U.S. officials see more financial crisis cases after JPMorgan suit
WASHINGTON (Reuters) - Federal and state officials pledged on Tuesday to bring more cases against misconduct that fueled the financial crisis, after New York sued JPMorgan Chase & Co (JPM.N) late Monday over mortgage-backed securities packaged and sold by Bear Stearns.
The case was filed by New York Attorney General Eric Schneiderman, and was the first action to come from a federal-state working group created earlier this year to bring such cases, roughly four years after the peak of the crisis.
The civil lawsuit accused Bear Stearns, bought by JPMorgan for $10 a share in March 2008, of deceiving investors by leading them to believe that the quality of loans in the mortgage-backed securities had been carefully evaluated, even though they had not been.
Bear systematically ignored defects in the loans and kept investors in the dark, the suit said.
The allegations are similar to those investors have charged in private lawsuits against a much wider array of Wall Street firms.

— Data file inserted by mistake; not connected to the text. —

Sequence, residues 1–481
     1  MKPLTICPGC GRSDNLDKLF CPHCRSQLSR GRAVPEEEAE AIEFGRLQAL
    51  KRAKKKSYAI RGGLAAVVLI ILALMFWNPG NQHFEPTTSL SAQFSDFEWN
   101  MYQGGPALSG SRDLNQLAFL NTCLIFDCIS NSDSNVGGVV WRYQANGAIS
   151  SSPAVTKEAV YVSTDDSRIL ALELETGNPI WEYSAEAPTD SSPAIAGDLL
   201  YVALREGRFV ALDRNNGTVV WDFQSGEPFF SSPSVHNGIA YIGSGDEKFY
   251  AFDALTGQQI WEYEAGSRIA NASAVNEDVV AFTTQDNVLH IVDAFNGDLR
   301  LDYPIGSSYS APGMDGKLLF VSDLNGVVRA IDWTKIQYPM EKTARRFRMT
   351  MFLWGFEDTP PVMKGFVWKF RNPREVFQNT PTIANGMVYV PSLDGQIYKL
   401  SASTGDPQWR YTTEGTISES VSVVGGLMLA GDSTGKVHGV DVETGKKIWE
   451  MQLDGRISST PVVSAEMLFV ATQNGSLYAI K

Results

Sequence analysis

"This has been a great collaboration, it continues to be a great collaboration, there are more cases to come," Schneiderman said during a press conference on Tuesday at the U.S. Justice Department's headquarters in Washington, D.C.
JPMorgan's purchase of Bear Stearns was done with the strong encouragement and heavy involvement of the federal government, but officials said that does not absolve JPMorgan of Bear Stearns' alleged misconduct.
"The liability traveled with the company, so it would be far worse for us to send the message that this kind of fraud is to be tolerated," Schneiderman said. "No one is above the law."
(Reporting By Aruna Viswanatha and David Ingram; Editing by Tim Dobbyn)
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